By Luis Torres, Staff Writer
On the eve before the first on-track activity for the Rolex Australian Grand Prix at Albert Park commences, FIA Formula One Race Director Charlie Whiting, 66, passed away in Melbourne Thursday morning.
In a statement released by the FIA, Whiting’s cause of death was a result of pulmonary embolism.
FIA President Jean Todt sent his condolences to Whiting: “It is with immense sadness that I learned of Charlie’s sudden passing. I have known Charlie Whiting for many years and he has been a great Race Director, a central and inimitable figure in Formula One who embodied the ethics and spirit of this fantastic sport.”
Prior of becoming the leading director of F1 in 1997, Whiting began his career as an employee of the Hesketh Racing team in 1977 until its demise the following season.
From there, he became a force to be reckoned with as a chief mechanic for Brabham in the 1980s, where he played a pivotal role in Nelson Piquet’s 1981 and 1983 F1 World Championships. In those two championship campaigns, Piquet won a combined six races, five poles, and 15 podiums in 30 starts.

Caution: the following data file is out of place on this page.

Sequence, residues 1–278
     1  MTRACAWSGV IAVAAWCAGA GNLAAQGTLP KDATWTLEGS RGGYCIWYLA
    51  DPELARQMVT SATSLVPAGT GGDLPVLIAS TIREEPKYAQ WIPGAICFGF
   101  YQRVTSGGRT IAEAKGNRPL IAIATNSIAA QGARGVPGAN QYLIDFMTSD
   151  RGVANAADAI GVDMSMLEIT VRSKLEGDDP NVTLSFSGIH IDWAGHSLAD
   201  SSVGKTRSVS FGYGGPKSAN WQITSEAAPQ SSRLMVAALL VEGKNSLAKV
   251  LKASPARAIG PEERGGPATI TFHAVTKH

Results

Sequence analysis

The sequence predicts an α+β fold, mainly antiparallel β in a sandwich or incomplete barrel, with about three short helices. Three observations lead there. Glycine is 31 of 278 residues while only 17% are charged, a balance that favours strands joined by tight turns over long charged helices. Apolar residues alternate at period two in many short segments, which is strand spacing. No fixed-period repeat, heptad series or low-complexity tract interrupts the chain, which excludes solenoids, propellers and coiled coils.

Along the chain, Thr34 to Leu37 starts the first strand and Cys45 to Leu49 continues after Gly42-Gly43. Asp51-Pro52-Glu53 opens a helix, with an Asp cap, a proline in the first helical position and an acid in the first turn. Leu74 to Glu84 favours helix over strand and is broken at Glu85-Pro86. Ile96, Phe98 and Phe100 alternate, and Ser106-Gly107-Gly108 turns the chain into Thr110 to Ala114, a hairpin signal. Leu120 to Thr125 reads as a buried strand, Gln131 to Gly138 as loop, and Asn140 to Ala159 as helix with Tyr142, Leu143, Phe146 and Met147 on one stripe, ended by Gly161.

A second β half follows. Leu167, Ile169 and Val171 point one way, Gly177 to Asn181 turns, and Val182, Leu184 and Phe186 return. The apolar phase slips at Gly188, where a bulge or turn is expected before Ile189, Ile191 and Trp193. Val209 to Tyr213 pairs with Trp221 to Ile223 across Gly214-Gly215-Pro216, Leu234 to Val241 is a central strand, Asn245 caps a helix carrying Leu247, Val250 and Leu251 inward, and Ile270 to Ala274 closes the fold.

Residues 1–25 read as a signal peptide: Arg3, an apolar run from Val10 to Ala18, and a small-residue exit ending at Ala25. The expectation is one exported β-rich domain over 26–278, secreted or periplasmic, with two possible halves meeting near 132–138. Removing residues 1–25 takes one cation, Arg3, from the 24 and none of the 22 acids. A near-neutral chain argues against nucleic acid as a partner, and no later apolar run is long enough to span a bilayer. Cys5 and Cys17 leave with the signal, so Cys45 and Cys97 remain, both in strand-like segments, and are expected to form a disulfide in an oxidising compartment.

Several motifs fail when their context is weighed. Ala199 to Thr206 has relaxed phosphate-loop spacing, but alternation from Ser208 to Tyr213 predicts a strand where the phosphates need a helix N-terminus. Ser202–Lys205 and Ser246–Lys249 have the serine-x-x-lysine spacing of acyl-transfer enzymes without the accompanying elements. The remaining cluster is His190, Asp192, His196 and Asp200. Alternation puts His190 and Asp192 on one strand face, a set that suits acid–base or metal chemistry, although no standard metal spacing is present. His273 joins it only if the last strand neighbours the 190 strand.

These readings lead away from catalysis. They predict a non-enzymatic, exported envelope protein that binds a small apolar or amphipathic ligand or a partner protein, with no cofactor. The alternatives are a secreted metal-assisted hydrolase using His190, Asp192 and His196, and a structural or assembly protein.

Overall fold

Whiting would stay with Brabham until Bernie Ecclestone sold the team in 1988. Under Ecclestone’s blessing, he would take a role as FIA’s Technical Delegate.
Nine years later, Whiting was promoted as the new director and safety delegate, where he oversaw various tasks such as track and car safety, and enforced how the grand prix weekends goes, including the start of the race.
“Formula 1 has lost a faithful friend and a charismatic ambassador in Charlie,” said Todt. “All my thoughts, those of the FIA and entire motor sport community go out to his family, friends, and all Formula One lovers.”